By James Pleasant
Renowned heavy metal guitarist Marty Friedman is teaming up with Riff Axelerator to help fund the living and medical expenses of Jason Becker—a legendary guitarist whose career was tragically cut short after he was diagnosed with amyotrophic lateral sclerosis (ALS), also known as Lou Gehrig’s disease, in 1990.
Riff Axelerator, a program designed to help guitarists of all levels learn how to play various rock and heavy metal licks, recently unveiled its Marty Friedman lick lesson pack which features 10 different guitar licks spanning Friedman’s expansive career. One hundred percent of the proceeds will go to the Jason Becker Special Needs Fund.
Friedman, who’s best known for his work as lead guitarist for Megadeth in the 1990s, worked with Becker on music projects in the late 1980s. The two guitarists played together in the band Cacophony, and on two of Friedman’s solo albums.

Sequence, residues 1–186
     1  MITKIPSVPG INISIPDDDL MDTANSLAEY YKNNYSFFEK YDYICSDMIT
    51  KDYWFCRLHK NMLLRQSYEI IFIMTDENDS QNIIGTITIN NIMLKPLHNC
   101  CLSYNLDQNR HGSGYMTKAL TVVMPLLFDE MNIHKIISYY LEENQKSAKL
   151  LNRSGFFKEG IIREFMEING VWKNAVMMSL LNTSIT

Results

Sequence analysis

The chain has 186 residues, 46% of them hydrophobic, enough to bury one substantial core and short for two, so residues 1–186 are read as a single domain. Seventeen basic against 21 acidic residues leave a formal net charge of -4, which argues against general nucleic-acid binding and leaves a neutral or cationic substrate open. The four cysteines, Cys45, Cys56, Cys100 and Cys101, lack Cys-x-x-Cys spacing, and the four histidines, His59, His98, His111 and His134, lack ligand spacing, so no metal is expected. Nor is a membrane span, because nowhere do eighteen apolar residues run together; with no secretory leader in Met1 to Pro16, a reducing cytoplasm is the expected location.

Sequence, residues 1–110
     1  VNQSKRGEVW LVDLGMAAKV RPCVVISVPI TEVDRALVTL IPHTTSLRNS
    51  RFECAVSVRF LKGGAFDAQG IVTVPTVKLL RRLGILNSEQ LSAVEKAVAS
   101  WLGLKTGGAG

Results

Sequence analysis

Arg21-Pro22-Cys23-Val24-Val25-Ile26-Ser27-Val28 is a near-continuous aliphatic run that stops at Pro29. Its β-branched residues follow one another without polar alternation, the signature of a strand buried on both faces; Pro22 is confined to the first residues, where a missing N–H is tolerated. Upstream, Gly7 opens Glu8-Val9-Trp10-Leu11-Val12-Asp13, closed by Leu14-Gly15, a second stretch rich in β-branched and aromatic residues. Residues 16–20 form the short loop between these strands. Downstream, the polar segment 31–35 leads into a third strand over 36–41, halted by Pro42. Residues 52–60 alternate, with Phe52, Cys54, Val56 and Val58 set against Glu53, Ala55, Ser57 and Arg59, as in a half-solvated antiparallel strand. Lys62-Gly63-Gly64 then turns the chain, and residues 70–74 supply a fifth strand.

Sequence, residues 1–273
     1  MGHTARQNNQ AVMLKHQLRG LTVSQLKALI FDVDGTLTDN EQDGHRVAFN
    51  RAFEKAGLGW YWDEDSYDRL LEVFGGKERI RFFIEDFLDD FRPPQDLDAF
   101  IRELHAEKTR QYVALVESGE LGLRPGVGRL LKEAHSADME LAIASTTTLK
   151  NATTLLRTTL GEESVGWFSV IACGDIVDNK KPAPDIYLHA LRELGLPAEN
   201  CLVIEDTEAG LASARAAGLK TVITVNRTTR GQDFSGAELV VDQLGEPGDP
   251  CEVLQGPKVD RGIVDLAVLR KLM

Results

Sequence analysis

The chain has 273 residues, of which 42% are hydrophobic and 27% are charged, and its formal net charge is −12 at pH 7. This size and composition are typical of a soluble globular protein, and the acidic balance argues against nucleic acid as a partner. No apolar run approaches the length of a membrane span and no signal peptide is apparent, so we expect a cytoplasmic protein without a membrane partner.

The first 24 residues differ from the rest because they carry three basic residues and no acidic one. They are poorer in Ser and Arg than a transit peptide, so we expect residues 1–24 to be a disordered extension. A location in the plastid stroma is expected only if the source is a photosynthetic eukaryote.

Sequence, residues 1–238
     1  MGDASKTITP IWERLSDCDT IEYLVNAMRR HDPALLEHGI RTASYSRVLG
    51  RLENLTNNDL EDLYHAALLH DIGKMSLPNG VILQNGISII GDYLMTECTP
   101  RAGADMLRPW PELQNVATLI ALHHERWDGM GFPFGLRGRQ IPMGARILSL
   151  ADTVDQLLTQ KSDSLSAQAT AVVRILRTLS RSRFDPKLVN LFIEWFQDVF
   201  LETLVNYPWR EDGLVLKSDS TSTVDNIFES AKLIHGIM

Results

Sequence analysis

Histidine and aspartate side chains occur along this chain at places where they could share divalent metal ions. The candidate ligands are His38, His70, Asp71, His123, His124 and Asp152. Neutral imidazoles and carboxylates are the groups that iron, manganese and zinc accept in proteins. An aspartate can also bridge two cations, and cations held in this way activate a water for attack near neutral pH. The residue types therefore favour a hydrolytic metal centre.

Shortly after receiving the New Guitarist of the Year award from Guitar Magazine in 1990, Becker began to feel a lazy limp in his left leg before officially receiving a diagnosis of ALS later that year, and was given three to five years to live. Despite beating those initial odds, the disease eventually left Becker unable to speak, walk, and play guitar. He remains mentally sharp as ever, and is able to effectively communicate and play music with eye pattern technology invented by his father. Becker’s journey is chronicled in the 2012 documentary, “Not Dead Yet.”
ALS is a crippling neural disease that robs victims of the ability to use basic motor skills and deteriorates their muscles, eventually causing death. More than 6,000 people in the United States alone are diagnosed with ALS each year, according to the ALS Association.